Social and biological scientists agree that race and ethnicity are social constructions, not biological categories (Wade, 2015). Social constructs, such as race, are fluid systems that take on different forms and nuances depending on social context (Anzaldúa, 1987). Living in two social contexts makes the distinct definitions of racial construction apparent. The author shares encounters with colleagues, students, and the local community that transformed her understanding of the construction of race in social contexts, her racial and ethnic identity, and her role as faculty in art education. Becoming a woman of color is a continual process of learning/understanding a social construction of race through and within varied social contexts.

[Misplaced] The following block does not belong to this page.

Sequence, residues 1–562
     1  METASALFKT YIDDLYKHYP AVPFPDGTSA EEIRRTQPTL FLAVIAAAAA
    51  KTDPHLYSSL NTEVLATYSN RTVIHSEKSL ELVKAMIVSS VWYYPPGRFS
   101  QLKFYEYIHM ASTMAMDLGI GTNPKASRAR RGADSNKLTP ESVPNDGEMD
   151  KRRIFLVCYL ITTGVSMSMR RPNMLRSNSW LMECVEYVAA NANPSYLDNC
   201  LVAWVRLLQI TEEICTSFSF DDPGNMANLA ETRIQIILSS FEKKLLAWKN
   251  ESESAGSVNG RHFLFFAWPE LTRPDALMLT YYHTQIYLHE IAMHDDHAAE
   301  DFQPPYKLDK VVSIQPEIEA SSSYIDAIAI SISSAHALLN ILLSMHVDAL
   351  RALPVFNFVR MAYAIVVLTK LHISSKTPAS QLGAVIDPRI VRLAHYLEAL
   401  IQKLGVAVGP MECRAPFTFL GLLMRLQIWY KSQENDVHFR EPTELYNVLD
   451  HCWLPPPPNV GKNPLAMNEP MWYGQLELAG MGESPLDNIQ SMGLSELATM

Keywords: Identity, racial identity, ethnicity, art education, whiteness
How to Cite:
Pereira, A., (2019) “Becoming a Woman of Color”, Journal of Cultural Research in Art Education 36(2), p.48-65. doi: https://doi.org/10.2458/jcrae.4950